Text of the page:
Meaning Making Machine

by Leslie Sann

We don’t know how things are. We only know how we observe them or how we interpret them to be. We live in a world of interpretations.
~ Rafael Echeverria

I was in Santa Monica, CA having lunch outdoors with two friends. One was from Chicago and the other was from Austin. We were enjoying our meal when we heard an enormous sound.

The search engine of my brain matched the tumult with the sounds of buses and the ‘el (elevated train) plus lots of street noise in Chicago. That’s it. Just the normal racket of a city. No danger. No peril. No alarm.

It wasn’t until I became aware the plate glass windows of the store I was looking at were wobbling in and out, that it became obvious to me that the rumbling was an earthquake. By the time the reality of our circumstances became clear, the earth had quieted. We found out later it registered over 6, and was one of the many aftershocks of the Northridge quake.

As none of us were from an earthquake zone no one realized what was occurring. With no reference to the past experience, fear did not arise.

Humans concoct interpretations to make sense of our reality. When something happens the brain does a search, “What does it mean? What should I do?” This questioning and ‘meaning-making’ is part of the human survival drive.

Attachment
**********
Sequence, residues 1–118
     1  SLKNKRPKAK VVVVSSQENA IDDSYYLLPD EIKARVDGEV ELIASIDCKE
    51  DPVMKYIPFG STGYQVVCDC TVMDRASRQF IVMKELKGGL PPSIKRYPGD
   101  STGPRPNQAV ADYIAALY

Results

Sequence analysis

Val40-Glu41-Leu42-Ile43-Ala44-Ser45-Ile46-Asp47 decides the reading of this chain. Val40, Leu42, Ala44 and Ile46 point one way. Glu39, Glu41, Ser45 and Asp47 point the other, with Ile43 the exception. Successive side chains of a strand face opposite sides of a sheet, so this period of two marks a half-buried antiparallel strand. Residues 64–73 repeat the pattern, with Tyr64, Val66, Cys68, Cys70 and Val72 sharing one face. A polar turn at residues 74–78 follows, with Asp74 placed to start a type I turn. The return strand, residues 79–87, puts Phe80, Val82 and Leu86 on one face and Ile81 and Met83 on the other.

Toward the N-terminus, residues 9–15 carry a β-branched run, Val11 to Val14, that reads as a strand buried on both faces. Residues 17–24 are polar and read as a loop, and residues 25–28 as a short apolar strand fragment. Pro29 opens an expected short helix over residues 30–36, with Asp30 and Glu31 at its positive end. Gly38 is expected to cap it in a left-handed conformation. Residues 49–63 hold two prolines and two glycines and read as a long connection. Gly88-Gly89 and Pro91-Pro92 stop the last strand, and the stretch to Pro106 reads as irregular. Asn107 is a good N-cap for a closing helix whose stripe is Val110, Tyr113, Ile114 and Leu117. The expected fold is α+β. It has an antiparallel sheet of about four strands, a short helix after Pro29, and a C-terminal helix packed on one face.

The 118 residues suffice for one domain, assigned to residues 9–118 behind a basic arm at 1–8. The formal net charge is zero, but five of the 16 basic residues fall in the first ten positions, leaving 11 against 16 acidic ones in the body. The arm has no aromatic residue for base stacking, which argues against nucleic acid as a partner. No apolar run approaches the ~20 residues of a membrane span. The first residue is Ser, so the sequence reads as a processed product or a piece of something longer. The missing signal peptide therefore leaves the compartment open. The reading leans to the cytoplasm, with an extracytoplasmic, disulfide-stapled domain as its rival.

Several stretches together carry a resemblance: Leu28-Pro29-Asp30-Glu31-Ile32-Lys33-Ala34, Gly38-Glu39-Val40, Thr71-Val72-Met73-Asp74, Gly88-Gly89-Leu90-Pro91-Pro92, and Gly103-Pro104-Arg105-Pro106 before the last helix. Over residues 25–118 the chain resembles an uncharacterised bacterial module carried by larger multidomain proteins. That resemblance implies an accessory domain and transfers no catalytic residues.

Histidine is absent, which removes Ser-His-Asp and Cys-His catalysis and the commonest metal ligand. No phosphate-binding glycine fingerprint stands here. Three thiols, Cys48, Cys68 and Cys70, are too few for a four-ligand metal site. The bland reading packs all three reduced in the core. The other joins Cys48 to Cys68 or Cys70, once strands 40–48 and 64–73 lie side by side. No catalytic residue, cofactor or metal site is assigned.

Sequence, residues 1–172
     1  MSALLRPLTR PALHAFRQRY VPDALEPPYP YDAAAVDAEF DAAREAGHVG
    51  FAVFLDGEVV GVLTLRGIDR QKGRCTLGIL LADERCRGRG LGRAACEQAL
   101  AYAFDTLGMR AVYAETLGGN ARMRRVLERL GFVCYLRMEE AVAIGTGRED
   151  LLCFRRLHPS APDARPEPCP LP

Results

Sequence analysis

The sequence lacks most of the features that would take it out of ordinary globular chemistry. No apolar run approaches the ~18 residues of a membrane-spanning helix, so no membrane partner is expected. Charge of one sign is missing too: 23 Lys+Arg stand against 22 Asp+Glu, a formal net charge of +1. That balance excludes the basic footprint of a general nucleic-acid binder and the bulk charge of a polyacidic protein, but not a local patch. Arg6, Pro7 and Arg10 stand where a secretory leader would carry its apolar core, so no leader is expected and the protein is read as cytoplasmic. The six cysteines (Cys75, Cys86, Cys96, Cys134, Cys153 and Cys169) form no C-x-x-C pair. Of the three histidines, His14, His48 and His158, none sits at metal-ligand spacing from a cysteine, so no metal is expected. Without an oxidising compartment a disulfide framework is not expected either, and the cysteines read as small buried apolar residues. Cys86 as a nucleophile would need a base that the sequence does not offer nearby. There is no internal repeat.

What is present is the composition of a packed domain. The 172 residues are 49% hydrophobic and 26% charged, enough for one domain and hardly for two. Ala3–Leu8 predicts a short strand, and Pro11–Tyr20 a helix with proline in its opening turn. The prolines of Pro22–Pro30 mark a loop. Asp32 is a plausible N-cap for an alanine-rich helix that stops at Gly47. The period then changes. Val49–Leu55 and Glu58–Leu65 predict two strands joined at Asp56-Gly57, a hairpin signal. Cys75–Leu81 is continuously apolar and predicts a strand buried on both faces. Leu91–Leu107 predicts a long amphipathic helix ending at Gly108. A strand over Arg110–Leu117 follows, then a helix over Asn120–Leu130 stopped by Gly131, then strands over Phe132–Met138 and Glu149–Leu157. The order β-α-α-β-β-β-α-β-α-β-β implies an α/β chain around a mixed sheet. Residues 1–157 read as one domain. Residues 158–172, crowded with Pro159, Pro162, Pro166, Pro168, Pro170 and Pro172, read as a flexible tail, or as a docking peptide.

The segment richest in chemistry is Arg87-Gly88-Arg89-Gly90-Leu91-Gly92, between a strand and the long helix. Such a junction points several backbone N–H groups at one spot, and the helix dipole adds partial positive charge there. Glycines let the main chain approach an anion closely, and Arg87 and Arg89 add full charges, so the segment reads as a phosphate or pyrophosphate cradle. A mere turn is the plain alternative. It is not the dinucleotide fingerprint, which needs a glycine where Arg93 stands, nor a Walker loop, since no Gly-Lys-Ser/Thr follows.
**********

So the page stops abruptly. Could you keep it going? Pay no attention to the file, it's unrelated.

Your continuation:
The mind is designed to discover the reason for things, so it can figure out what to do. When you are walking through a dark forest with only a sharp stick for protection, this is important. You hear a sound. The mind quickly searches its database looking to place the sound from the past. “Is this a sound that can eat me? Perhaps it is a sound of something I can eat.” Important considerations.

Often we make up meaning from our survival brain and believe our own storytelling. Yet, just because the mind says so, doesn’t mean it is true.

Note this poem written by Sandra Anice Barnes:

the siren sounded

    the dishwasher broke
the siren broke the dishwasher



Just a story correlating two events.

In the absence of information, the mind will make things up. I made up a story that the sound was the noise of downtown Chicago.

Nothing has meaning except the meaning we give to it. Human beings are meaning-making machines. Your personal power and true freedom lie in how you interpret what happens. If you put positive meaning on the situation, you will be more resourceful, motivated and open to possibilities.

Psychological studies have shown people who are resilient in the face of adversity have something in common. They choose to give positive meaning to the experience they are going through.

Lucky me as the benign interpretation I put on the aftershock kept me calm and at ease. If the ground had opened up to take me I would have gone happy.

How does it get any better than that?